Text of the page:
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Sunday, 15 February 2015





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Writing essays

Writing an essay may seem like an overwhelming task at first, especially if you’ve never written a formal composition. However, if you have mastered the skill of paragraph writing, you can easily learn to organise your thoughts and express them in simple and concise language.

If you are allowed to choose your own topic, select one that is familiar to you until you become comfortable with the essay-writing process. We thought of showing you how an essay should be written in the wake of many complaints that since children have access to the internet many of them were copying stuff straight off the Internet. This is a crime and is known as plagiarising.

Children must be taught to think for themselves and to put down their ideas on paper . If you do this you will learn to do things by yourself but don’t copy because it can easily be spotted.

How to help children write paragraphs

Select a topic. If possible, choose one that you can write about easily.

Teachers will often assign general topics such as your summer vacation or favourite types of movies. Whatever the topic, narrow the focus to a specific emphasis such as one place you visited during the summer or one movie you recently watched.

Prewrite your essay. This may seem like extra work, but it will make the essay easier to write. Organise your ideas by paragraph is the most effective. Under each paragraph’s main idea write three supporting details.

Writing in complete sentences is not necessary on the organiser. Use phrases that can be developed into sentences when you write the essay.

Write the introduction. This paragraph explains your purpose for writing. It usually begins with a thesis, or topic sentence that states the main idea of the essay. It also serves as the outline for the paragraphs that will follow.

Write three paragraphs that support the main topic. Each paragraph supports one main idea with details and should consist of five to seven sentences.

Use ideas written on the graphic organiser to compose these paragraphs.

Finish the essay with a concluding paragraph that summarises the essay. It is similar to the introduction, but do not repeat what you’ve already written.

The goal of the conclusion is to leave the reader with a strong impression of your thoughts and ideas.

Proofread and revise the essay. Check spelling and punctuation first, then read sentences again to check subject and verb agreement.

Get a friend or family member to read your composition and give you feedback about points that need clarifying.

An essay can have many purposes, but the basic structure is the same no matter what. You may be writing an essay to argue for a particular point of view or to explain the steps necessary to complete a task.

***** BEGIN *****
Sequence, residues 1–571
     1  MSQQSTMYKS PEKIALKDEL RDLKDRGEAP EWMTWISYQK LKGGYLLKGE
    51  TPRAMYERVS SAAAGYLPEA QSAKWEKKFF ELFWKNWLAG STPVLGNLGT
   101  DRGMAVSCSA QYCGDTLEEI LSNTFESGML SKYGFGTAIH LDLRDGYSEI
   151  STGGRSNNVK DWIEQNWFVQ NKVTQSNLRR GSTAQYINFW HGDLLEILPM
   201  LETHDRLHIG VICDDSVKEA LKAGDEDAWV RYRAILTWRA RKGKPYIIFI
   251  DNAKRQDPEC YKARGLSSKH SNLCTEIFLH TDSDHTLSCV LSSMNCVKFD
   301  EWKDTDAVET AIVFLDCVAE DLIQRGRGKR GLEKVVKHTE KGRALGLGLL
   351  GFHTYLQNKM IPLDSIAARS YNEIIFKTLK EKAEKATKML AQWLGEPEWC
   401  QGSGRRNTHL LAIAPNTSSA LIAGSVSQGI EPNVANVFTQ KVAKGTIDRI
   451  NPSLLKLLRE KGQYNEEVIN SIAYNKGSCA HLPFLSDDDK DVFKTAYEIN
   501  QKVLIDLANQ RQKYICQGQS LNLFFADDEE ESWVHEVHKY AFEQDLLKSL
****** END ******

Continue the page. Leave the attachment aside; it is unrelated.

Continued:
Either way, your essay will have the same basic format.

If you follow a few simple steps, you will find that the essay almost writes itself. You will be responsible only for supplying ideas, which are the important part of the essay anyway.

Don’t let the thought of putting pen to paper daunt you.

Get started!


What is Plagiarism?

Many people think of plagiarism as copying another’s work or borrowing someone else’s original ideas. But terms such as “copying” and “borrowing” can disguise the seriousness of the offence:

According to the Merriam-Webster Online Dictionary, to “plagiarise” means

- to steal and pass off (the ideas or words of another) as one’s own

- to use (another’s production) without crediting the source

- to commit literary theft

- to present as new and original an idea or product derived from an existing source

In other words, plagiarism is an act of fraud. It involves both stealing someone else’s work and lying about it afterward.

But can words and ideas really be stolen?

According to U.S. law, the answer is yes. The expression of original ideas is considered intellectual property and is protected by copyright laws, just like original inventions. Almost all forms of expression fall under copyright protection as long as they are recorded in some way (such as a book or a computer file).

All of the following are considered plagiarism:

- turning in someone else’s work as your own

- copying words or ideas from someone else without giving credit

- failing to put a quotation in quotation marks

- giving incorrect information about the source of a quotation

- changing words but copying the sentence structure of a source without giving credit

- copying so many words or ideas from a source that it makes up the majority of your work, whether you give credit or not (see our section on “fair use” rules)

Most cases of plagiarism can be avoided, however, by citing sources.

Simply acknowledging that certain material has been borrowed and providing your audience with the information necessary to find that source is usually enough to prevent plagiarism.

What about images, videos, and music?

Using an image, video or piece of music in a work you have produced without receiving proper permission or providing appropriate citation is plagiarism. The following activities are very common in today’s society. Despite their popularity, they still count as plagiarism.


These simple steps will guide you through the essay writing process

- Decide on your topic.

- Prepare an outline or diagram of your ideas

- Write your thesis statement.

- Write the body.

- Write the main points.

- Write the subpoints.

- Elaborate on the subpoints.

- Write the introduction.

- Write the conclusion.

- Add the finishing touches.


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